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X, Elon Musk’s social media platform formerly known as Twitter, appears to be attempting to limit it͏‌  ͏‌  ͏‌  ͏‌  ͏‌  ͏‌ 
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September 11, 2023


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Ben Smith
Ben Smith

Welcome to Semafor Media, where I’m disturbed by the latest sign of American decline: We aren’t even manufacturing new con men.

Tucker Carlson delighted parts of the right last week by interviewing a man who goes by the name Larry Sinclair and has claimed for years to have had sex with Barack Obama.

I hadn’t thought about Larry Sinclair since the summer of 2008, but actually spent quite a bit of time thinking about him back then. Bear with me here. Sinclair had sued some anonymous bloggers who alleged Sinclair had been in a psychiatric institution at the time he claimed to be with Obama. The bloggers hired a media lawyer I knew to protect their anonymity, and I wound up with an eye-popping story on the guy’s “itinerant life of small-time crime and bad checks, punctuated by stretches of jail time in two states.”

Specifically, he’d been arrested a number of times for larceny, check and credit card fraud, and finally convicted in Colorado on forgery charges in 1987 and sentenced to 16 years in jail. He filed to change his name to Larry Sinclair in 1996, and aliases also included “Larye Vizcarra Avila” and “Mohammed Gahanan,” none of which he contested at the time. He volunteered to take, then managed to fail, a polygraph test. Federal marshals picked him up on an outstanding warrant after his press conference, and he vanished back into the criminal justice system.

This is the sort of attention-seeking grifter who occasionally gets his 15 minutes. He was, as Dave Portnoy tweeted, “top to bottom maybe the least trustworthy human I’ve ever laid eyes on.” Carlson, hilariously, touted the lie detector test without mentioning Sinclair had failed it.

Sinclair’s resurgence reflects a threadbare quality of current American political media. This cycle began with a Q&A in the lively Jewish magazine Tablet with one of Obama’s biographers, who had reprinted a letter in which a 21-year-old Obama wrote to his girlfriend about his “androgynous” mind and gay fantasies.

Interesting biographical grist, sure. The depressing part was the frictionless path from that snatch of a 1982 letter to a bunch of tweets to Sinclair/Avila/Gahanan (who joined Carlson in attacking me and that 2008 story toward the end of the interview, without denying any of it).

The episode reminded me of a gloomy line from Norman Cohn’s Warrant for Genocide about thesubterranean world where pathological fantasies disguised as ideas are churned out by crooks and half-educated fanatics.” There are times, he wrote, “when this underworld emerges from the depths and suddenly fascinates, captures and dominates multitudes of usually sane and responsible people.” Though to be fair, I got only a disappointing dozen mean tweets about it, suggesting Carlson’s move to X has been a bit of a bust, or at least this topic was.

And on that cheerful note, back to the day-to-day of global media, where things are going a little better than they were. Read on for scoops on X throttling the New York Times, the ongoing civil war at the Guardian, and even print deadlines. (Scoop count: 3)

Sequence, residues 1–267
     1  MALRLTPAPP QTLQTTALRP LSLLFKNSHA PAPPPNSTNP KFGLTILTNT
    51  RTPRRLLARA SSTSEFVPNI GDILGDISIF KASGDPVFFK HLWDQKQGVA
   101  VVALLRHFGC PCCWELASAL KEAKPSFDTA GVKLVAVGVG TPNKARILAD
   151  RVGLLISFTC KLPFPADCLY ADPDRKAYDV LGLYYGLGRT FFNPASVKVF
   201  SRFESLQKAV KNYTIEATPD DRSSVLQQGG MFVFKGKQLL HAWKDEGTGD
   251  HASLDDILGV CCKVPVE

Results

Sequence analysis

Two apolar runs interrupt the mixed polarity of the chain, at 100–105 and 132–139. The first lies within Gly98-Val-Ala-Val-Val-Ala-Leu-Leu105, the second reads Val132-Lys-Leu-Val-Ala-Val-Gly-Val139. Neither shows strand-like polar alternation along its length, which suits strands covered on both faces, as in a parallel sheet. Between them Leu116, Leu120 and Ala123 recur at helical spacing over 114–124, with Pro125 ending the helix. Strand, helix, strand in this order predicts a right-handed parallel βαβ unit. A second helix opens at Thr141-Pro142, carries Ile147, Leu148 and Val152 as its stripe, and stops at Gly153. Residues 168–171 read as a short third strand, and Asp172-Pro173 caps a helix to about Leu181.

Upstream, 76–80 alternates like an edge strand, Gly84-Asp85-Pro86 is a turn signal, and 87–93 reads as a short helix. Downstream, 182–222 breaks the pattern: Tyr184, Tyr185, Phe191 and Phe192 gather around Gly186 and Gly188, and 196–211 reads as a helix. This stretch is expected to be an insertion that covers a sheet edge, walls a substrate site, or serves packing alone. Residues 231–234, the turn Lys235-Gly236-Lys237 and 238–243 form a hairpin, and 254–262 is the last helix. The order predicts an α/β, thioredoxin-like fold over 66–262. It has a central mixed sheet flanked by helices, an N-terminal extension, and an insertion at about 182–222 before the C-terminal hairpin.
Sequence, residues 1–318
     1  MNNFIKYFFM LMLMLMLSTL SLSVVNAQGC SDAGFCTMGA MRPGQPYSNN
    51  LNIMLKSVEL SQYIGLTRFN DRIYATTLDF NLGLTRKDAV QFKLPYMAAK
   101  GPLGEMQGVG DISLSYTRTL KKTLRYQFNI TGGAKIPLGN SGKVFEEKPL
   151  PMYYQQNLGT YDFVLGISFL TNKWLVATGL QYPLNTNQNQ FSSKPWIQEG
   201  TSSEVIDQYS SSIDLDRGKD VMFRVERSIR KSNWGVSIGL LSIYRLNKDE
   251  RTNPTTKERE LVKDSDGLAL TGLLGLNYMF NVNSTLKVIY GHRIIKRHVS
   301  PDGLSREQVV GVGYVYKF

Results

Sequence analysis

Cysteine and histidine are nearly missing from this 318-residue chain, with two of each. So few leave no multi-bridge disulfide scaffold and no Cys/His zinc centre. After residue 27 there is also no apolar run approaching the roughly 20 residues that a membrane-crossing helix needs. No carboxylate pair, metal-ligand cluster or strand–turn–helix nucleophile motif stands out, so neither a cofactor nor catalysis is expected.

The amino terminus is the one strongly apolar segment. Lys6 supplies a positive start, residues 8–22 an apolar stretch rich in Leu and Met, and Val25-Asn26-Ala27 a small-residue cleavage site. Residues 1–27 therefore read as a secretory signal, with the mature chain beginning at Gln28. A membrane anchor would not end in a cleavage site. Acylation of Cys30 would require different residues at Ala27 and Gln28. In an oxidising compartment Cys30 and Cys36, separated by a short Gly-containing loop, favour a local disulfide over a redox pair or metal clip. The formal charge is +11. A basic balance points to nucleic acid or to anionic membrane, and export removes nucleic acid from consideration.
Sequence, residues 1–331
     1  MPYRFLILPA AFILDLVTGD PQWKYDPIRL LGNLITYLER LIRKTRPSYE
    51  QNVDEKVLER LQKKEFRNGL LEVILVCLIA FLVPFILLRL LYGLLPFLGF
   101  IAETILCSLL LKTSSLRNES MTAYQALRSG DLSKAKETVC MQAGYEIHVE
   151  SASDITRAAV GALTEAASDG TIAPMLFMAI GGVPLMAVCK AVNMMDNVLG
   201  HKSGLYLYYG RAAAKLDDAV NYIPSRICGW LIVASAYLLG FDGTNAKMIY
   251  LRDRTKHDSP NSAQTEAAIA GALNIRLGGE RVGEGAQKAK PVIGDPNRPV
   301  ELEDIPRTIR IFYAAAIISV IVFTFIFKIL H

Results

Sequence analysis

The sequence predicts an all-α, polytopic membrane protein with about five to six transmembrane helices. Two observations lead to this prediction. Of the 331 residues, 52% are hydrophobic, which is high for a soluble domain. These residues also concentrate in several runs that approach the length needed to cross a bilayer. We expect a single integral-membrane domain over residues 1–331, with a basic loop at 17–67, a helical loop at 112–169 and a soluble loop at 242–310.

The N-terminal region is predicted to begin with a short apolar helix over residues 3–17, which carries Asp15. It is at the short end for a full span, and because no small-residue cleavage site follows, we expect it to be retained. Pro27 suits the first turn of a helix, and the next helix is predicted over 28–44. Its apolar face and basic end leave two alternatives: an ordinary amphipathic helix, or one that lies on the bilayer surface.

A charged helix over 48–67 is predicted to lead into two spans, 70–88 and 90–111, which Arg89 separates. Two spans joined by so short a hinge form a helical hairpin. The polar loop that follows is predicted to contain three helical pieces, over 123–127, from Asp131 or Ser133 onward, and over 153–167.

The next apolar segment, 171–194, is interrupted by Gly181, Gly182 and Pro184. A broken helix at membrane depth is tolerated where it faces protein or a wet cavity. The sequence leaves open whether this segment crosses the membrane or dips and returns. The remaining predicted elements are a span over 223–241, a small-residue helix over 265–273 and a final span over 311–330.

Semafor will be all over the United Nations General Assembly meeting in New York later this month, in person and in our energy and climate newsletter Net Zero by Tim McDonnell, which you can subscribe to here: Sign up here.

Assignment Desk
REUTERS/Mario Anzuoni

Will the “heightened sense of urgency among hundreds of showrunners and writer-producers” speed up Hollywood labor talks?

Will Walter Isaacson’s big new Musk biography sell to his haters, his fans, and/or is there still a broad middle simply interested in him as a major figure?

How will the White House respond to Russian efforts to trade Evan Gershkovich for an assassin?

Max Tani

Twitter appears to throttle New York Times



X, Elon Musk’s social media platform formerly known as Twitter, appears to be attempting to limit its users’ access to The New York Times.

Since late July, engagement on X posts linking to the New York Times has dropped dramatically. The drop in shares and other engagement on tweets with Times links is abrupt, and is not reflected in links to similar news organizations including CNN, the Washington Post, and the BBC, according to NewsWhip’s data on 300,000 influential users of X.

The drop in engagement in Times posts seems isolated to X: NewsWhip data showed that engagement with Times links shared on Facebook remained consistent relative to other outlets.

“There was a drop off in engagement for NYT compared to the other sites in late July/early August,” NewsWhip spokesperson Benedict Nicholson told Semafor.

Times employees had already taken note of the pattern, as high-profile attempts to share Times articles failed to travel on the platform. For instance, earlier this week, former President Barack Obama shared multiple New York Times articles on X about healthcare costs, which the service said reached fewer than 900,000 and 800,000 users respectively. The number was far lower than any other post shared by the former president since X began sharing that data publicly earlier this year — for comparison, a Politico link shared by the president got nearly 13 million views.

The shift hasn’t gone unnoticed at the Times. Two newsroom higher-ups at the paper said that Times leadership was aware of the issue and was examining the root of the drop off.

A spokesperson for the paper declined to comment.

Read on for Max’s view on what this means for the news business’s shifting relationship with platforms. →

One Good Text

Kadia Goba is a politics reporter at Semafor.

Jonathan Brady/PA Images via Getty Images

The Guardian’s internal civil war over how to cover and write about gender and issues related to trans people continues to simmer.